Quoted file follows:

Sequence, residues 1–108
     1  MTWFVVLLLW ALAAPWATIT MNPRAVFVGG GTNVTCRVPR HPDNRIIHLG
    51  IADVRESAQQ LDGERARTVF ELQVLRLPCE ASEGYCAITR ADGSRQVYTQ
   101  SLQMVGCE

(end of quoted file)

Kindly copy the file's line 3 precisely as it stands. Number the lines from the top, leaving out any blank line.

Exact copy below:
    51  IADVRESAQQ LDGERARTVF ELQVLRLPCE ASEGYCAITR ADGSRQVYTQ